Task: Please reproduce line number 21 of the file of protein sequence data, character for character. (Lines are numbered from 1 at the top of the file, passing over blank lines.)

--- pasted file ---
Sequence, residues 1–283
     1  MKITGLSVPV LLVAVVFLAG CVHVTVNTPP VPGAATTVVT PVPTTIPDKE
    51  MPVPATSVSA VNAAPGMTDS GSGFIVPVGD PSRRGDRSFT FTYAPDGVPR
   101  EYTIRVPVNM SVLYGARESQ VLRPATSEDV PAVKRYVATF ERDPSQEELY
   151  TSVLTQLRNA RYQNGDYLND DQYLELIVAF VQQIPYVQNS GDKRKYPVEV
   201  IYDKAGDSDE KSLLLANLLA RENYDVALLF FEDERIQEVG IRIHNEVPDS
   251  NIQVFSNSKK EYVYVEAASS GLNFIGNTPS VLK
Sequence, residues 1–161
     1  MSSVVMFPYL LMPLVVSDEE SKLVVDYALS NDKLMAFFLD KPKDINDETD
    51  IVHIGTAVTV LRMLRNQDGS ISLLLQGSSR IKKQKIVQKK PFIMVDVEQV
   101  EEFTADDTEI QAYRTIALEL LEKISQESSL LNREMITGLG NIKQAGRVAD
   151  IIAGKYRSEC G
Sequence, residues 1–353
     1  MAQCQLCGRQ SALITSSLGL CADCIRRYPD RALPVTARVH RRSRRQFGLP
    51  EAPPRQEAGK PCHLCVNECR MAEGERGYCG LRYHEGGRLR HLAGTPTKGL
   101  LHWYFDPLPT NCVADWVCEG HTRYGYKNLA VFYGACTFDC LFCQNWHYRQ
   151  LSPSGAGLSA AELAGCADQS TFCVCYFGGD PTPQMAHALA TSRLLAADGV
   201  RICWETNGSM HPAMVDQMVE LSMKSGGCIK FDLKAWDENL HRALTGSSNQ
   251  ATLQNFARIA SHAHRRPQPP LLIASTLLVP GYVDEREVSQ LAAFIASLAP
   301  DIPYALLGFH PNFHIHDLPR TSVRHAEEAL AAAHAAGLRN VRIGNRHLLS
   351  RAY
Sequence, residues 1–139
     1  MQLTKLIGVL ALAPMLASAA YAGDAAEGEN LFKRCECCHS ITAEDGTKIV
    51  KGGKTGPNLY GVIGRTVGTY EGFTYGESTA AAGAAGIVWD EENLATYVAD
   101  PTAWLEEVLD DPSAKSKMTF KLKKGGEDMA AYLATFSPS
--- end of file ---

   351  RAY